• While they are the largest plovers in North America, black-bellied plovers are still wary of predators, even when at a long distance away. Known as the international bodyguard, the black-bellied plover is quick to give warning calls to other migrating shorebirds who feed in large flocks along open mudflats.

  • 28-29 cm The black-bellied plover measures 28–29 centimetres in length and weighs between 160–277 grams.

  • Their diet consists mainly of insects, larvae, spiders, mites, worms, and snails.

  • Nests are burrowed in the ground and are often lined with pebbles, twigs, or leaves.

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Black-Capped Chickadee

Black-Capped Chickadee

  • The black-capped chickadee has the memory of an elephant and is about 100 times smaller. The black-capped chickadee is able to remember thousands of its hiding places, storing its seeds and other food items for later.

  • 12-15 cm The black-capped chickadee is 12–15 centimetres in length and weighs between 9–14 grams.

  • Seeds, berries, and other plant matter, as well as insects and spiders, make up their diet.

  • They most often make their homes in natural tree holes, lining them with rabbit fur.

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Ruddy Turnstone

Ruddy Turnstone

  • As suggested by their name, ruddy turnstones spend most of their time rummaging through stones, as well as twigs and seaweed along the coast in a constant search for food. Instead of the common courtship dance, males will impress females with their crafty nest building, creating a cozy bed by making a depression in the ground.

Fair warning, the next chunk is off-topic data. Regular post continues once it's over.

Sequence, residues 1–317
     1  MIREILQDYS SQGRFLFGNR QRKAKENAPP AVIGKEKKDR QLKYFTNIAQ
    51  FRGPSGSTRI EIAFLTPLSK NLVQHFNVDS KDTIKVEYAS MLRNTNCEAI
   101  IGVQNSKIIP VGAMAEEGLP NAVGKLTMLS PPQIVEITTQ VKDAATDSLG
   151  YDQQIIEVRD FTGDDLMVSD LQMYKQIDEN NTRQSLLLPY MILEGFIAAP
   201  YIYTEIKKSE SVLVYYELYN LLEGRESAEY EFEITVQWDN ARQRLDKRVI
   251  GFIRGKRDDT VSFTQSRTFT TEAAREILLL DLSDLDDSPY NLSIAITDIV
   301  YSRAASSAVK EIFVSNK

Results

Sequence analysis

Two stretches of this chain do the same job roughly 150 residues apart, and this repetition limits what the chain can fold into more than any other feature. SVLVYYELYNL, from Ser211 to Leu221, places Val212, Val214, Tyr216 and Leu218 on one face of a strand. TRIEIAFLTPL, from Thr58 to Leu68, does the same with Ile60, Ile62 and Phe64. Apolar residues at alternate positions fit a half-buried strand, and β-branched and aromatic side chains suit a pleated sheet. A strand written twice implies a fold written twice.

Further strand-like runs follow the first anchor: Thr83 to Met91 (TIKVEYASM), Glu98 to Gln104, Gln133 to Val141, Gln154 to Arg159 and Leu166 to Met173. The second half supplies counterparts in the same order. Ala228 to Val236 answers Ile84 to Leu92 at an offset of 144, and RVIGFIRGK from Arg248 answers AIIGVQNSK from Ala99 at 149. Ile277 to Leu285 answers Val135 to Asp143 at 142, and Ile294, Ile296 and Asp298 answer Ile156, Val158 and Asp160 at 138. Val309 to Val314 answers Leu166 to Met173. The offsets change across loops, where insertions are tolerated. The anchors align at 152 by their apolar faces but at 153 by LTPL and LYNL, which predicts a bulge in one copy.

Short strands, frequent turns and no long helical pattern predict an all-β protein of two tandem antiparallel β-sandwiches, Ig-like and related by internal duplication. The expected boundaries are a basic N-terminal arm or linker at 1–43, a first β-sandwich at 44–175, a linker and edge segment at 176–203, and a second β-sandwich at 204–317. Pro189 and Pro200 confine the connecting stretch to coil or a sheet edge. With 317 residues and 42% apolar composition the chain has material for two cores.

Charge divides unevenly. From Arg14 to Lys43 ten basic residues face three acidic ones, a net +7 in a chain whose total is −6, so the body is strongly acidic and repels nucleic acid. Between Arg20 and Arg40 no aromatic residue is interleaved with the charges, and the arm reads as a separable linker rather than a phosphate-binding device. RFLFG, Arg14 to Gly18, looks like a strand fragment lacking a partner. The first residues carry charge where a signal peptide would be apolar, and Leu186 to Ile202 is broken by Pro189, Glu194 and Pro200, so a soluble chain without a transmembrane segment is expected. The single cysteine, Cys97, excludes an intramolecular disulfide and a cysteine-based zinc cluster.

• 24 cm The ruddy turnstone measures approximately 24 centimetres in length and weighs between 84-190 grams.

  • Their diet mainly consists of tiny insects, the occasional mudshrimp found in the mudflats, and even garbage during low tides.

  • Low-lying nests are scraped together with the use of their uniquely shaped bill. Although the male will build nest-scrapes to court a female before any eggs are laid, this initial nest is only for show, as no eggs are ever laid in it.

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Mudshrimp

Mudshrimp

  • The Bay of Fundy’s tidal flats provide ideal conditions for mudshrimp – the most important food source for the semipalmated sandpiper. In a given year, over 80% of the world’s population of semipalmated sandpipers stop to feed on these tiny crustaceans found on the bay’s tidal flats. Mudshrimp can be found in densities as high as 60,000 per square metre.

  • 12 mm When first hatched, the mudshrimp will measure about 1mm in length. The largest reported full-grown mudshrimp in the Bay of Fundy was 12mm, excluding the long antennae.

  • Their diet consists of either particles lying on the seafloor or particles suspended in the water. To feed, they emerge from their burrow and use their large antennae as a rake to pull the particles toward them.

  • Nestled beneath the mudflats, mudshrimp burrow their way down anywhere between 7 and 15 centimetres. The walls of the tiny U-shaped burrows are made from compacted sediment particles bound together with self-secreted adhesive.

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Plant Life

The sediment-rich waters and enormous tides of the Bay of Fundy make it one of the world’s richest marine environments. The thriving ecosystem of Johnson’s Mills Shorebird Reserve includes rich coastal salt marshes, cobble beaches and a diverse forest.

Saltwater Cordgrass

Saltwater Cordgrass

  • 1-1.5 m Saltwater cordgrass may be submerged at high tide and can grow between 1-1.5 metres tall.